Contrary to popular belief, your ability is not your purpose. Your ability is however a platform, a channel or a vessel through which your purpose is delivered. The 1980’s movie, Chariots of Fire, is about the true story of two Olympic runners, Eric Liddell, a devout Scottish Christian and Harold Abrahams, devout English Jew.  Both men were competing in the 1924 Olympics. As the story unfolds we discover both men are running for a purpose greater than winning the earthly race. Eric ran “for the glory of God” and to “overcome the prejudice against Jews.” 

The appropriately penned tag line for the movie is “Wings on their Heels, Hope in their hearts.” These men had talent. But their talent was spurred on by a greater purpose than winning the race, receiving a medal and earning fame. It was their talent that led them to an Olympic sized arena with the whole world as their audience. It was their greater purpose that urged them to press on to win the races.

The audience believed they were spectators of record-setting runners, but soon came to realize they were being asked to step into the race themselves, to stand up for prejudice, and step into a life of faith in Christ. 

During a post-race interview Liddell said, “You came to see a race today. To see someone win. It happened to be me. But I want you to do more than just watch a race. I want you to take part in it. I want to compare faith to running in a race. It’s hard. It requires concentration of will, energy of soul. You experience elation when the winner breaks the tape – especially if you’ve got a bet on it. But how long does that last? You go home. Maybe your dinner’s burnt. Maybe you haven’t got a job. So who am I to say, “Believe, have faith,” in the face of life’s realities? I would like to give you something more permanent, but I can only point the way. I have no formula for winning the race.” 

In one way or another, we all place wagers on how far our own abilities and talents will get us in this life. We all put stock in how smart we are, how skilled we are, how resourceful we are and even how well networked we are. In fact we make “how far we climb up the ladder or how successful we are” as the main focus of our lives.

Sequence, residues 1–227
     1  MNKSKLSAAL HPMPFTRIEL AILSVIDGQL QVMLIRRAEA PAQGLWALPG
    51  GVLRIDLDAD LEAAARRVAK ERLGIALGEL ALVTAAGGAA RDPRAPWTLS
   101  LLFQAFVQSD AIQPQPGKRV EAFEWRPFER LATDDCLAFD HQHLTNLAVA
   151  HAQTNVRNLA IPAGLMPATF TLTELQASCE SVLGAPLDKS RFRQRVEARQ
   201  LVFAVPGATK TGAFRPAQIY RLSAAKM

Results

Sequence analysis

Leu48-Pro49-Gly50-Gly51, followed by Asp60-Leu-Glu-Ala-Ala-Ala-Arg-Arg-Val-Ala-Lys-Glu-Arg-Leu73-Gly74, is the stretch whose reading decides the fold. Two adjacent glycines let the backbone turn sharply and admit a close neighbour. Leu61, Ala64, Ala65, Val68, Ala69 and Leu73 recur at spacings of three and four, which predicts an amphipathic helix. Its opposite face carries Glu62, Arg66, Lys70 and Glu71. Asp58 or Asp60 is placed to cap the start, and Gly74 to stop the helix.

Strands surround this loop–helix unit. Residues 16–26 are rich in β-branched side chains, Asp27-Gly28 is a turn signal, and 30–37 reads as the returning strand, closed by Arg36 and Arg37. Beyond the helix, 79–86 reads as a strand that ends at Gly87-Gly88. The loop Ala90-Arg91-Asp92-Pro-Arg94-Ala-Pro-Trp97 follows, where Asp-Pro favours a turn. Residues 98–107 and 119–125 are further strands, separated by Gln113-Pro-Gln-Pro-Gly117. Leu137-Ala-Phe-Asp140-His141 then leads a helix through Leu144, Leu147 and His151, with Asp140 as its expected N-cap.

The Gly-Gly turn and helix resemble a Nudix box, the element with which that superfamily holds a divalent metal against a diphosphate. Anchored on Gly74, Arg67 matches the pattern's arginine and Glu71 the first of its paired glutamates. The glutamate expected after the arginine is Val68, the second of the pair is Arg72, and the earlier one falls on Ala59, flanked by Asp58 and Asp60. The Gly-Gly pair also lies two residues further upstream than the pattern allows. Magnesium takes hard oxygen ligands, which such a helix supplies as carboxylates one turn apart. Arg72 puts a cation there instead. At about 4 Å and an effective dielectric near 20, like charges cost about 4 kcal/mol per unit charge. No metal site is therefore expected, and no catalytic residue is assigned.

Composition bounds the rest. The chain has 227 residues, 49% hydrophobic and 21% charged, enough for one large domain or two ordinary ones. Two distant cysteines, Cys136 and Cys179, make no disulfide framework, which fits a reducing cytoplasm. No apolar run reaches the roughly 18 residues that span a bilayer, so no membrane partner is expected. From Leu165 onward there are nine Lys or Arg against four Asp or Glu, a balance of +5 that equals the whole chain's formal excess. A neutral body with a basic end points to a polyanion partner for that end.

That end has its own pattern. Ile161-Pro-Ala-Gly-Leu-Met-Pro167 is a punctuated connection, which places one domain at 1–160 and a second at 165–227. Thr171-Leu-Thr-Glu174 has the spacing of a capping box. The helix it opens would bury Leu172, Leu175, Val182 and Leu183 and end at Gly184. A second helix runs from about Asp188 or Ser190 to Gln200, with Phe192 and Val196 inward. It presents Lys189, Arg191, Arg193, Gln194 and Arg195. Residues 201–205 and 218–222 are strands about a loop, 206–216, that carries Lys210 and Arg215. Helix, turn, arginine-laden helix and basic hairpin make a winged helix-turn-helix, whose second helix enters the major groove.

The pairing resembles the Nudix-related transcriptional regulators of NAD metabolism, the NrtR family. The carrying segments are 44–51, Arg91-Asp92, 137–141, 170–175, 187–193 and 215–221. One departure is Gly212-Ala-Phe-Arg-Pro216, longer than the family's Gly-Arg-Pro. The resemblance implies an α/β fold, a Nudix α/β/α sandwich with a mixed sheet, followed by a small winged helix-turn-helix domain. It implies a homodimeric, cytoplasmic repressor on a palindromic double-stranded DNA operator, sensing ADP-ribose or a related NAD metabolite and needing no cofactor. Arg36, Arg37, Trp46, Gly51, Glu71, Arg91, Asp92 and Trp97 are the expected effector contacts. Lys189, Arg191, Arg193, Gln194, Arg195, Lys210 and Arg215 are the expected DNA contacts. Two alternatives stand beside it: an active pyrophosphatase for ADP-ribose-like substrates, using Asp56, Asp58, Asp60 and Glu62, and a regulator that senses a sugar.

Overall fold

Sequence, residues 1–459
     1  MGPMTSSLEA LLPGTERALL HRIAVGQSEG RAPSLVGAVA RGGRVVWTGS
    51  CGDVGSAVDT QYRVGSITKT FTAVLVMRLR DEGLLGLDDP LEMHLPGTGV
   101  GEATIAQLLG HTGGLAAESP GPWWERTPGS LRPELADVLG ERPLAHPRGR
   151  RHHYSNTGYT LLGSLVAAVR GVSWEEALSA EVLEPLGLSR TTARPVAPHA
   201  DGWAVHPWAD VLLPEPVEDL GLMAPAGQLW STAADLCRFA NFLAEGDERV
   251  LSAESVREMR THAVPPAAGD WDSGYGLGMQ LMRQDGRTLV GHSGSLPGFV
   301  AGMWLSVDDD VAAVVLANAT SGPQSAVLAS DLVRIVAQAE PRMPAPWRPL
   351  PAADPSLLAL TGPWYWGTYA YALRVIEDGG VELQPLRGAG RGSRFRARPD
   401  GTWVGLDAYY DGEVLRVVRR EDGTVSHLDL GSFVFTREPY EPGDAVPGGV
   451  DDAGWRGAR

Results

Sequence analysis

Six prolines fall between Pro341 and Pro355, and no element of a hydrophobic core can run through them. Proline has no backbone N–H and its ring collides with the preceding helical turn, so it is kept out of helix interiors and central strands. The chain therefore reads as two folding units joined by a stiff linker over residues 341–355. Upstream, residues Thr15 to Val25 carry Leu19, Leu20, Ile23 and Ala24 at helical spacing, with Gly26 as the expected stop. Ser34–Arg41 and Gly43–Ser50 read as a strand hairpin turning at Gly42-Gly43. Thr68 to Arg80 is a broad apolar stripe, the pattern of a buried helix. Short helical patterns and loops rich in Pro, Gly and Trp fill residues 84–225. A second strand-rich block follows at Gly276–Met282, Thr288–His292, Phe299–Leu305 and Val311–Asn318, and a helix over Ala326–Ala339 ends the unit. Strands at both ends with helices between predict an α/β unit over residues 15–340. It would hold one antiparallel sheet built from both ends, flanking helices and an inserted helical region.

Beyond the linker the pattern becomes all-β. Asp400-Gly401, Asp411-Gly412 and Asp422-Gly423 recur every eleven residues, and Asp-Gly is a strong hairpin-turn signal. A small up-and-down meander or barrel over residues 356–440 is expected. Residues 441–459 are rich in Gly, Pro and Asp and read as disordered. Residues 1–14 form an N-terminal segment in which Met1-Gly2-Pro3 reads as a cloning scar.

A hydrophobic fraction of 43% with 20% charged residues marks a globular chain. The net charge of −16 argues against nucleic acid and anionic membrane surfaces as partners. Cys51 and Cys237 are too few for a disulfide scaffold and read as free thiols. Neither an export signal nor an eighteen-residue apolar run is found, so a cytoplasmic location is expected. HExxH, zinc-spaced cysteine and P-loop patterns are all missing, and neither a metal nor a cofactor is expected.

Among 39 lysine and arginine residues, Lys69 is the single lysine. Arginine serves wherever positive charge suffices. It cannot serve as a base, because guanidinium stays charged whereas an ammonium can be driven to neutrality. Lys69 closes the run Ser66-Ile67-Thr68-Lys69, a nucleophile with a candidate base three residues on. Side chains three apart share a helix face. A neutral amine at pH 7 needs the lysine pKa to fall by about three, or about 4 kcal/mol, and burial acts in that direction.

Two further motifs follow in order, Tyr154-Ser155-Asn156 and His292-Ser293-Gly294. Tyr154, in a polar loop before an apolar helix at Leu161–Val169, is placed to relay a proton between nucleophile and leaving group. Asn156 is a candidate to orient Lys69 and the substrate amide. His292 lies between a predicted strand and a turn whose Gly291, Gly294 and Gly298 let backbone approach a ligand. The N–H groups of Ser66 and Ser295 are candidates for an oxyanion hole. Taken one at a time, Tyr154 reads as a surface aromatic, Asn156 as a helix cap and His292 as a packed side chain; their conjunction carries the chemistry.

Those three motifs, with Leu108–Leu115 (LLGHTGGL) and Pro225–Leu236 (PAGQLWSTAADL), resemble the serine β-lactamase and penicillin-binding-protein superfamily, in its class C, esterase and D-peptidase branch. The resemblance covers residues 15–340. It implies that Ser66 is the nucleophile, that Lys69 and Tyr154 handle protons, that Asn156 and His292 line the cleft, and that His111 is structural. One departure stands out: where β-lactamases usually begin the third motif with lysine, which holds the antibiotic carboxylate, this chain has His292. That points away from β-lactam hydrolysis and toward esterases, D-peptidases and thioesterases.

So often we place our faith, energy, talents and efforts into winning the race. But we fail to recognize we are running the wrong race. So often we place our faith in our ability and believe our ability is our purpose. Instead of seeing that our ability is the platform or the launching pad to deliver our purpose. Liddell understood that God gave him a talent, a platform on which to captivate attention, in order to draw attention to God himself. 

Whether we are given a stage, an olympic race course, a classroom, a board room, a work team, a family or a neighborhood committee, whatever our place we are to be influencers for Christ. To use our talent to “point the way” to the race of a lifetime, a race worth running, a race of faith. 

Eric Liddell tells the audience that he wants to offer them something that lasts, “something more permanent” than the roaring of the crowds as the runner crosses the finish line. As an olympic athlete Liddell knew all too well, the cheering lasted only for a time, and there would come a day when his knees would give out and his legs would no longer be able to carry him. Liddell knew, wagering everything on his own ability, his earthly talent to “win the race” would bring earthly fame, but not lasting peace and comfort.

Everyone runs in her own way, or his own way. And where does the power come from, to see the race to its end? From within. Jesus said, “Behold, the Kingdom of God is within you. If with all your hearts, you truly seek me, you shall ever surely find me.” If you commit yourself to the love of Christ, then that is how you run a straight race.”